Lust for Gold

Synopsis: The tale of how immigrant Jacob Walz, the "Dutchman" (German) of Arizona's notorious Lost Dutchman gold mine, found treasure and love and lost them again.
Production: Columbia Pictures
90 min

You are looking at Superstition Mountain.

A barbaric pile of rock,

40 miles long by 20 wide.

The man is Floyd Buckley.

He's going into this 800 square miles

of sudden and violent death...

because he thinks

it's just another mountain...

and because he's greedy for its treasure.

Yeah, I said treasure. Gold.

$20 million worth of precious yellow metal...

waiting to be found

in America's most elusive mine...

appropriately named "The Lost Dutchman".

It's simple to get to. The mountain, I mean.

Just drive 36 miles due east

from Phoenix, Arizona, and there she is.

She looks easy from the outside.

Inside, it's like Satan's

private art gallery.

Sculptured pagan granites,

unmellowed by time...

hidden in terrifying canyons and gorges.

But if you'd like to pick up $20 million...

and figure, like Buckley there,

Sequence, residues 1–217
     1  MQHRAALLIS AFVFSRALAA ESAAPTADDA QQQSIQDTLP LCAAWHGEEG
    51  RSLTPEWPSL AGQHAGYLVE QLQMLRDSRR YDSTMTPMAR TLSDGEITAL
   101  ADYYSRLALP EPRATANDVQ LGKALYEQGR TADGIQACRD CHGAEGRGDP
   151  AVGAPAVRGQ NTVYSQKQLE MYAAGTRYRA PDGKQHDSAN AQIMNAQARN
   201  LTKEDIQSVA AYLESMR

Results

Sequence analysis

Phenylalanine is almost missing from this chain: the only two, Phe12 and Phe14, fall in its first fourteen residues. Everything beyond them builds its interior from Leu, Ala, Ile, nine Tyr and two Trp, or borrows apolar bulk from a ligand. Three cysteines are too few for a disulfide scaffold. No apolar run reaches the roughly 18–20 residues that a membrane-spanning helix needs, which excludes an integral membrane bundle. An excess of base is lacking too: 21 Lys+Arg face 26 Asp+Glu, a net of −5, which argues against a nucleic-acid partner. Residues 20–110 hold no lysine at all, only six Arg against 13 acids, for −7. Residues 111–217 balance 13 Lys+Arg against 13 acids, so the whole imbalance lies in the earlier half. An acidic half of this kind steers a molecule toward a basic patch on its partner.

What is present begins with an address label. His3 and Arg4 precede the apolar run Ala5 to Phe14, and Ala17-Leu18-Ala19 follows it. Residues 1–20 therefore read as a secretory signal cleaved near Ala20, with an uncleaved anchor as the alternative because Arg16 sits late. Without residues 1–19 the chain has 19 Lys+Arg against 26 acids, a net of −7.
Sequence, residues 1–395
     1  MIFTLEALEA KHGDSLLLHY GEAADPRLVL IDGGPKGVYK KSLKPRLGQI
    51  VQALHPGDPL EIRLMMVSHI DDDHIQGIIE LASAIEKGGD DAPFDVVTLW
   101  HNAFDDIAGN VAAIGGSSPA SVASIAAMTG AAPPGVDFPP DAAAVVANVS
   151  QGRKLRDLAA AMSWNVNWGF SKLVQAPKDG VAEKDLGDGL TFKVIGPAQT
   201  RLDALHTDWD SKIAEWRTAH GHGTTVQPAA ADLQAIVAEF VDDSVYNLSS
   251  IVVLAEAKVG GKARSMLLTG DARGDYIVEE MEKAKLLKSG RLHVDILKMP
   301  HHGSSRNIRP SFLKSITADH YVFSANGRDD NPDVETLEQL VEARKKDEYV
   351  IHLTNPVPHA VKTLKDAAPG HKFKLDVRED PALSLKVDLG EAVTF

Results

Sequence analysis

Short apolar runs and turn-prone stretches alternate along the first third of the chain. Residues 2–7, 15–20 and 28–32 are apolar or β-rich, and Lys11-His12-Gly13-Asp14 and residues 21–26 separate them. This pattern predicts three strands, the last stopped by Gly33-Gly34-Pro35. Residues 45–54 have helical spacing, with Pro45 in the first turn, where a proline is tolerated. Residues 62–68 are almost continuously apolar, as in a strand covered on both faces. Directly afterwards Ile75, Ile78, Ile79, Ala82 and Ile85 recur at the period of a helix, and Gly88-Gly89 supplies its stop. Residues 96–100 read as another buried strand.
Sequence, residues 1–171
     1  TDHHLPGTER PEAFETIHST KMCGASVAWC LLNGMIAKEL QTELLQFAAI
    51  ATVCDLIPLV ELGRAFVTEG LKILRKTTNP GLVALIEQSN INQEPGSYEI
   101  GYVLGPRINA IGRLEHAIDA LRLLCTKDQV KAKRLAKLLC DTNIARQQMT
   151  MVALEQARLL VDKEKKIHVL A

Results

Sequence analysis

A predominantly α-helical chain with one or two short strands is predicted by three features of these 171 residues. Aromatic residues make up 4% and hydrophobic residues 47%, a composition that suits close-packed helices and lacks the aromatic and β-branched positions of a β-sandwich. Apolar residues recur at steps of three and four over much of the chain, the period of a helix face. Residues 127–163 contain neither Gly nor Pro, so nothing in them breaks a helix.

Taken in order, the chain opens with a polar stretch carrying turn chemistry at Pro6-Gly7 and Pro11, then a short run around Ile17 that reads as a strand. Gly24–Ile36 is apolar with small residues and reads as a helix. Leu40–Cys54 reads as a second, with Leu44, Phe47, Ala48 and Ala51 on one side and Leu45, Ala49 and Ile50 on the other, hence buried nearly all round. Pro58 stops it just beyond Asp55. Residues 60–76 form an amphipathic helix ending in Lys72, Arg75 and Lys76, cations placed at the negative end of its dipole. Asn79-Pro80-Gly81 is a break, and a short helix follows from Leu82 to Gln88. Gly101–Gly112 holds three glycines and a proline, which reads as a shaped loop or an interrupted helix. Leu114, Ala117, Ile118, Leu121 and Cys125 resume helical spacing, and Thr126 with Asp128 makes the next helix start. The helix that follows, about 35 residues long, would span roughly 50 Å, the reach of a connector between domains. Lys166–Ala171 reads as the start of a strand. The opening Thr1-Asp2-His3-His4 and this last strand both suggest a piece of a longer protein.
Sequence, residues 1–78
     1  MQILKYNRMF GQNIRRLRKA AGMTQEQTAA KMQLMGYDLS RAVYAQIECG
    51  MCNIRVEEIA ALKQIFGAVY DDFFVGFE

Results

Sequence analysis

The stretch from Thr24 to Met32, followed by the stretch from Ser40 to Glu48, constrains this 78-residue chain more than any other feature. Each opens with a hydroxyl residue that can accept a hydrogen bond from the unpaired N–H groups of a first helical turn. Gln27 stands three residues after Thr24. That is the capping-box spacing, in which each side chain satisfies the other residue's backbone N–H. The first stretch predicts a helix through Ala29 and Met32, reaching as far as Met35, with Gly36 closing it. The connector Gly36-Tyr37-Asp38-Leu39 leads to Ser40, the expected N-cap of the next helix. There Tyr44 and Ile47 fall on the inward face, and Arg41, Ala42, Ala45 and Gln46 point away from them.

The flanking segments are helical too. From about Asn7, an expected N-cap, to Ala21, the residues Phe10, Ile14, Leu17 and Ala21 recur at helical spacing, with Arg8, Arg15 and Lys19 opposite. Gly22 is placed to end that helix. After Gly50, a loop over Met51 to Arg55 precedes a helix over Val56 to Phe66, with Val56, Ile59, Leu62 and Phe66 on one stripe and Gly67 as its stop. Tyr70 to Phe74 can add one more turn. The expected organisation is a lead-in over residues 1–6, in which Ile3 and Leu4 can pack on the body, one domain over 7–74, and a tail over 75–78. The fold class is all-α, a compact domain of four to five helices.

that a mountain's just a mountain...

I'll show you where to look.

But before you leave for Arizona...

you ought to know that 21 men have been

murdered grabbing for that dough...

and hundreds more have died in other ways.

You see, this is the true story

of Superstition Mountain.

The biography of a death trap.

My name's Barry Storm.

I was hurled into this story

when I heard that shot.

Up till then, I was just an ordinary guy

with a reasonable curiosity...

about the Lost Dutchman Mine.

A curiosity I wish I'd never been born with.

I hurried towards the sound of the report...

and hoped I'd find a hunter

who'd maybe bagged a deer.

I found Floyd Buckley, sprawled and dead.

His blood, life, and dreams

spilling out on the unfriendly ground.

When you find a dead man,

you're supposed to call the police.

I'm a good citizen.

I set out to do what you're supposed to do.

Fear and panic

gave me a boost up over that ledge...

and I began to run, not walk,

to the nearest exit.

Speed no longer meant anything to Buckley,

but it did to me.

I didn't want to be framed in the crosshairs

of a telescopic sight...

on a high-powered rifle.

I'd just gone in to look for gold.

I didn't want to find lead

from the business end of a killer's gun.

It took me three days

and 36 miles of tough hiking...

to put the sheriff

from Florence, Arizona into action.

Identification bracelet.